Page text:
Reality Check for Pete Wilson: Time's Up

Frank del Olmo is assistant to the editor of The Times and a regular columnist

Gov. Pete Wilson's political pratfall took place so early in 1996 that it has been nearly forgotten amid the shambles of a Republican campaign that saw Bob Dole routed by President Clinton and also saw the GOP lose control of the California Legislature to the Democrats.

But Wilson's failure to keep a credible national campaign going beyond last February's New Hampshire primary must be remembered by Republican activists if the GOP is to have any hopes of regaining the White House after Clinton's second term ends. It can even be argued that Wilson has become a drag on the future of the GOP in California, having done as methodical a job as any Democratic double agent could have of undermining the party in this state.

Wilson has systematically alienated the future voters who, any demographer could tell him, will be a key segment of the state's electorate in every election into the middle of the next century: Mexican Americans and other Latinos. He began this disastrous slide in 1994, lending the aura of his office to the campaign on behalf of Proposition 187, the anti-illegal immigration initiative that is still bottled up in the courts.

The governor enhanced his anti-Latino credentials this year, convincing Dole to try some desperate immigrant-bashing of his own toward the end of a losing campaign. To no one's surprise, Wilson joined in with an almost perverse relish.

Even as persistent a Wilson critic as yours truly has been surprised at how consistently and enthusiastically Wilson has played the anti-immigrant card. I once thought it was purely a strategic move. The Californians who are the most consistent GOP voters tend to be white and older, so I figured Wilson was playing to their fears. But I've come to the conclusion that Wilson actually believes his own rhetoric.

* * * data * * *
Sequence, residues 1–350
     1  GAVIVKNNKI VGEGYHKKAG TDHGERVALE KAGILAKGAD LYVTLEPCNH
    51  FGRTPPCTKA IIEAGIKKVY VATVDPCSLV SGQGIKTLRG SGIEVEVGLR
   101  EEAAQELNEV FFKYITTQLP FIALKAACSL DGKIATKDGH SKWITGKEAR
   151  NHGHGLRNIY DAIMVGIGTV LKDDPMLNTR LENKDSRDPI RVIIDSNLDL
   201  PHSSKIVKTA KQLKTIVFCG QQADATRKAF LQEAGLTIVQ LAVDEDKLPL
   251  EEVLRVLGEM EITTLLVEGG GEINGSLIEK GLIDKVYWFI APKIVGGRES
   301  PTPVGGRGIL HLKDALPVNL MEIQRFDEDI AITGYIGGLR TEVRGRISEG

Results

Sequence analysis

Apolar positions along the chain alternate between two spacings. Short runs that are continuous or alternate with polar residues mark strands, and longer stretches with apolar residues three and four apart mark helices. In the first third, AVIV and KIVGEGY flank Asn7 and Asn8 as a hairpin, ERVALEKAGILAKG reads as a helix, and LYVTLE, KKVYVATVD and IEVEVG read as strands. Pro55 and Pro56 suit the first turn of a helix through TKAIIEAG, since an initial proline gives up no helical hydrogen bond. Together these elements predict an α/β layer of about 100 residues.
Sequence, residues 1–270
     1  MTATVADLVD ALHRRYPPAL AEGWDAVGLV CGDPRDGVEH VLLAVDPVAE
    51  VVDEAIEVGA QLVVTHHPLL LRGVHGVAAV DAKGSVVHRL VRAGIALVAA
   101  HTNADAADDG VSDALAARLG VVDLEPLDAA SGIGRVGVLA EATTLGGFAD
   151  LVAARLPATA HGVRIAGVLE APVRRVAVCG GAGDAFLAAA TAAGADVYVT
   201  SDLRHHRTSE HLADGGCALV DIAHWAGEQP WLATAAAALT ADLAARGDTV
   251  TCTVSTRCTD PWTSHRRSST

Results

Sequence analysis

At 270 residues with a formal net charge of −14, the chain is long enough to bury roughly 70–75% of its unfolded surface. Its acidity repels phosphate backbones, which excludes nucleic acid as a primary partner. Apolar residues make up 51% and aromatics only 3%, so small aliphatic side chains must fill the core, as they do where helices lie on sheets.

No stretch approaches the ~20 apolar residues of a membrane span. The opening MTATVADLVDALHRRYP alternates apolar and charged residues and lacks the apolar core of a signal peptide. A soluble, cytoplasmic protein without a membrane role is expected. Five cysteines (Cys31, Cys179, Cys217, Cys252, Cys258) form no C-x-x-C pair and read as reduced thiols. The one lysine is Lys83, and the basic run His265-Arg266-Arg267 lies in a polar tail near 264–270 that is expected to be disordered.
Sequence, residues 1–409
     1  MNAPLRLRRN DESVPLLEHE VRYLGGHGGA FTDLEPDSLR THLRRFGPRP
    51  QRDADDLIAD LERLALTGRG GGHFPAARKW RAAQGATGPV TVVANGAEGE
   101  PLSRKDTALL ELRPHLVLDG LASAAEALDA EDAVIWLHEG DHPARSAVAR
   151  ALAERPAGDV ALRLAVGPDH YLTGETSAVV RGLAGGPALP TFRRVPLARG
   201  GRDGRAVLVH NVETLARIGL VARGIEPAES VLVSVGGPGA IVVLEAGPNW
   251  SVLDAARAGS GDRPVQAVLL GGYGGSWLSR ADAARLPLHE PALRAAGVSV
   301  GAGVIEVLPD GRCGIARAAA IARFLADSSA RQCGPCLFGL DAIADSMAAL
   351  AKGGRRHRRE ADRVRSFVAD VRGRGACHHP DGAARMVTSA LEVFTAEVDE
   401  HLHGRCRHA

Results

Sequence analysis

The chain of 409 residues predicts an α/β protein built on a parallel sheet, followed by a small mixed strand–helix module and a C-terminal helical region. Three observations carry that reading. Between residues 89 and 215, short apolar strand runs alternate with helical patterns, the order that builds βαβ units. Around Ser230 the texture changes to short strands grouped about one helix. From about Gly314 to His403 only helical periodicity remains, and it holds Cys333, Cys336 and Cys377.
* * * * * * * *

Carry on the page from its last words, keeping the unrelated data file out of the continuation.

This happened after reading about a conversation between two of California's smartest political veterans: The Times' statehouse columnist George Skelton and Stuart Spencer, the most successful political consultant this state has ever produced.

As quoted in Skelton's column last week, Spencer said Wilson bashes Mexicans and Mexico less because he thinks it's good politics than because "He just got to the point where he really believes it."

Spencer then introduced Skelton to a handful of Latino GOP activists who talked about how disheartening it is to try to be loyal to a party that consistently demeans and attacks your own people. I know some of the Latinos Skelton quoted and it tells me a lot that they are now willing to say publicly what they have been saying privately for years.

Even more telling is Spencer's willingness to say it openly. For no Republican political operative in this state has done more for the GOP than Spencer. Just consider the roster of California Republicans he has helped elect: Ronald Reagan, George Deukmejian and Richard M. Nixon.

Significantly, every one of those GOP winners reached out to Latinos in his campaign and appointments--thanks, again, in no small part to advice from Stu Spencer. This is a man whose views on Pete Wilson bears listening to, especially by the many Republicans who discount the barbs of gadflies like me.

The intriguing thing about this is why Spencer and his Latino friends are so willing to be up front about their distaste for Wilson. I suspect it's because there are still Wilson loyalists in this city who think that the governor has a future in national politics. They must think that he can mount another campaign for the White House now that the lackluster performance of Dole and, surprisingly, his running mate Jack Kemp has left the GOP presidential sweepstakes for 2000 wide open. They forget how disastrous Wilson's short-lived 1996 campaign was.

The warnings of Spencer and other GOP loyalists must be heeded. But it would also help if Latinos who believe in the GOP get over their malaise as quickly as possible and started pushing the candidacy of Republicans who realize the future of their party must be painted in colors other than lily-white. Candidates like Kemp, Texas Gov. George Bush Jr. or retired Gen. Colin Powell, whose notably pro-immigrant speech to the GOP convention was the single most courageous act of an otherwise lackluster 1996 presidential campaign.

As for Pete Wilson, public criticism from a genuine GOP guru like Spencer confirms that I've been right about him all along. He's one of those leaders who will be remembered much more for the damage they've done than for anything good. Such a malevolent little man doesn't deserve to be governor of California, much less president of the United States.

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